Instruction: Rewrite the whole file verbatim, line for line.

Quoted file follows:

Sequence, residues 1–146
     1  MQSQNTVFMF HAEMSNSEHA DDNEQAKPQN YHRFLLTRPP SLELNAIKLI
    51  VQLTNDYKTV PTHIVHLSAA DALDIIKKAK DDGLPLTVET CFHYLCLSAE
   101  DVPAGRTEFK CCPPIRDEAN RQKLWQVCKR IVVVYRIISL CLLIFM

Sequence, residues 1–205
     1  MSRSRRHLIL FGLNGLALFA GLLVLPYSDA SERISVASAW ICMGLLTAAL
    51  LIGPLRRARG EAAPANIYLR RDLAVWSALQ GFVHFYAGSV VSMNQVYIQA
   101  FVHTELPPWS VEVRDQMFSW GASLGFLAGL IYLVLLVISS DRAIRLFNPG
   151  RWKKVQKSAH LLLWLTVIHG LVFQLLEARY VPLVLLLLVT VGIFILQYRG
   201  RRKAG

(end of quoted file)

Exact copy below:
Sequence, residues 1–146
     1  MQSQNTVFMF HAEMSNSEHA DDNEQAKPQN YHRFLLTRPP SLELNAIKLI
    51  VQLTNDYKTV PTHIVHLSAA DALDIIKKAK DDGLPLTVET CFHYLCLSAE
   101  DVPAGRTEFK CCPPIRDEAN RQKLWQVCKR IVVVYRIISL CLLIFM

Sequence, residues 1–205
     1  MSRSRRHLIL FGLNGLALFA GLLVLPYSDA SERISVASAW ICMGLLTAAL
    51  LIGPLRRARG EAAPANIYLR RDLAVWSALQ GFVHFYAGSV VSMNQVYIQA
   101  FVHTELPPWS VEVRDQMFSW GASLGFLAGL IYLVLLVISS DRAIRLFNPG
   151  RWKKVQKSAH LLLWLTVIHG LVFQLLEARY VPLVLLLLVT VGIFILQYRG
   201  RRKAG